Didnt see it, will probably watch it on catch up. Were there any decals with a sublime message or something sinister about the frame number? :roll:

    Did anyone else notice the Chile flag lapel badges they were wearing?
    "The Prince of Wales is now the King of France" - Calton Kirby
  • ddraver wrote:
    I'm more surprised he was doing 22mph! Makes me feel slow.

    With that bike 22mph on the flat is not hard at all.

    yurp, keep clinging on to the dream bud ;)

    I can do 22mph on the flat with my road bike which isn't half as good as that one. Not for long I grant you but he didn't say how long.
  • Ballysmate wrote:
    Didnt see it, will probably watch it on catch up. Were there any decals with a sublime message or something sinister about the frame number? :roll:

    Did anyone else notice the Chile flag lapel badges they were wearing?

    Yup; probably as a thankyou to Chile after they escaped to there from Argentina.
  • lostboysaintlostboysaint Posts: 4,250
    Ballysmate wrote:
    Didnt see it, will probably watch it on catch up. Were there any decals with a sublime message or something sinister about the frame number? :roll:

    Did anyone else notice the Chile flag lapel badges they were wearing?

    Yup; probably as a thankyou to Chile after they escaped to there from Argentina.

    They're all Alexis Sanchez fans.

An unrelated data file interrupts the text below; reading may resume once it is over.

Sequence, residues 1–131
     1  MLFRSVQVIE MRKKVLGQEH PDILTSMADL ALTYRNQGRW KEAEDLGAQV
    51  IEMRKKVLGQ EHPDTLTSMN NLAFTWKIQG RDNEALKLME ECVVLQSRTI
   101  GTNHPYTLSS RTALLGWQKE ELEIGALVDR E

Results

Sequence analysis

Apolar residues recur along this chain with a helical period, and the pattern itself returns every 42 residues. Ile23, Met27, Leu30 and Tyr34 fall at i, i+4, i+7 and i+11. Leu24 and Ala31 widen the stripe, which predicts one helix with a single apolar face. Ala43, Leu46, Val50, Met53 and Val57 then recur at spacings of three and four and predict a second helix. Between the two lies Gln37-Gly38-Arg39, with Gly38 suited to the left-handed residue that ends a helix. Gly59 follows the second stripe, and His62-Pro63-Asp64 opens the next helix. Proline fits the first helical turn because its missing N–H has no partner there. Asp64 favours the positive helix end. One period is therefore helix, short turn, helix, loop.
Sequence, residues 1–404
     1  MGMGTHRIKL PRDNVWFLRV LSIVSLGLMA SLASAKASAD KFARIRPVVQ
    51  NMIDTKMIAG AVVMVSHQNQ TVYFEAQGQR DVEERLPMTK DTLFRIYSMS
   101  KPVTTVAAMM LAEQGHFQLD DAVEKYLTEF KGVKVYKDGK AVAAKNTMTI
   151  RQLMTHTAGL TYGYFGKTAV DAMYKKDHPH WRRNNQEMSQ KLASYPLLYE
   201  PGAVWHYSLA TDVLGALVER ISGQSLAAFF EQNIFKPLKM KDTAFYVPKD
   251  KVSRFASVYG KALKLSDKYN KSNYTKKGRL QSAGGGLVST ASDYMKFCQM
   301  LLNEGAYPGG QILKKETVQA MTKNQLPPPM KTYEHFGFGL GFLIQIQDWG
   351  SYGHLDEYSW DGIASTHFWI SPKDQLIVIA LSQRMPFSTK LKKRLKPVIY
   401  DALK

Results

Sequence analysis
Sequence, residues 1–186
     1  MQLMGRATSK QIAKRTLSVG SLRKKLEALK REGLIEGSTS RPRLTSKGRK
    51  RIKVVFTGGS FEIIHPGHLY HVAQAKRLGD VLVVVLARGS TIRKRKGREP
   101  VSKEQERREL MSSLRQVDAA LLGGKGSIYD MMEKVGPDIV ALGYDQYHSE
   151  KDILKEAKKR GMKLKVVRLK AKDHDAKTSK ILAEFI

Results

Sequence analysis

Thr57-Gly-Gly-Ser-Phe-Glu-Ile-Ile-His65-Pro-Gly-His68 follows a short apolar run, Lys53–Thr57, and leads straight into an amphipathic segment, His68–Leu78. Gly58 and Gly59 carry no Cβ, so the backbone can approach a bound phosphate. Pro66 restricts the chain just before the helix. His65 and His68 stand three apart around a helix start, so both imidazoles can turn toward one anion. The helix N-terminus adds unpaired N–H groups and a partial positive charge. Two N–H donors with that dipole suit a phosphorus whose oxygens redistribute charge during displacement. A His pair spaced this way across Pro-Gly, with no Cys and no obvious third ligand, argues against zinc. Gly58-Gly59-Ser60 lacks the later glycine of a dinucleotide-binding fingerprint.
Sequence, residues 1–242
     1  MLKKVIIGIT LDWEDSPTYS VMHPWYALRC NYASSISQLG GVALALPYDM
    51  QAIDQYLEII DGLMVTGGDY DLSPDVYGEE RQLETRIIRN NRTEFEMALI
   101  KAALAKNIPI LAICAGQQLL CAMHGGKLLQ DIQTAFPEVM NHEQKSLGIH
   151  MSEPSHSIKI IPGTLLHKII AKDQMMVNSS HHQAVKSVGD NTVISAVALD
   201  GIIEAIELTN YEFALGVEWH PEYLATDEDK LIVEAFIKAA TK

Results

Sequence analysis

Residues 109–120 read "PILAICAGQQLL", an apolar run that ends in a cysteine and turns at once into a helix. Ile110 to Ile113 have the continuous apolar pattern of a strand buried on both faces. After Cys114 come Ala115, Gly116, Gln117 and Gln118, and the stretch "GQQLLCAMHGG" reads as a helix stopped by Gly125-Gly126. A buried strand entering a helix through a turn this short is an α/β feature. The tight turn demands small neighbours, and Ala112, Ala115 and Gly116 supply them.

Trail fun - Transition Bandit
    Road - Wilier Izoard Centaur/Cube Agree C62 Disc
    Allround - Cotic Solaris
  • capt_slogcapt_slog Posts: 3,601

    Did anyone else notice the Chile flag lapel badges they were wearing?

    I noticed but didn't know the flag. Thanks for that, because I meant to look it up but then forgot.

    Nearly got taken off the bike on some tram tracks near me that I met for the first time a few weeks ago, after years of being in the car I'd forgotten about that. They were bad enough on a motorbike if you tried to ride parallel with them, but a narrow cycle tyre drops straight down them and there's not a lot you can do.


    The older I get, the better I was.

  • lancewlancew Posts: 680
    Learning to bunny hope is the only answer!

    I did the same as Capt Slog about the flags. They do like to push the boundaries on that show.

    Also I think that the shiney bright MTB was a bit of a setup, even if the crash wasn't, I suspect that someone ran to the shop and bought a new one.
    Specialized Allez Sport 2013
  • They said the bike was "Russian pig iron" but far from it, Merida is a decent make, no idea what model it was but it wasn't exactly a BSO.
  • fatsmokerfatsmoker Posts: 585
    Having lived in St P for nearly 10 years I know the city quite well. Their start point was nowhere near where they said it was, it was actually quite close to the finish, because they had to start where the hovercraft is kept - near the gulf of Finland, not right down along the river. So, most of the footage shown was from a fairly small area of the city.
    Hammond is a brave man for trying to cycle it, driving standards are really poor and the roads are terrible. I'm surprised the road buzz and pot holes didn't shake the rear mech off.
  • meanredspidermeanredspider Posts: 12,337
    Interesting timing - a buddy of mine was on Scottish BBC news on Friday as a victim of the Haymarket tram rails in Edinburgh - apparently around 60 cyclists are suing the council for damages after accidents - many around that really badly-designed junction.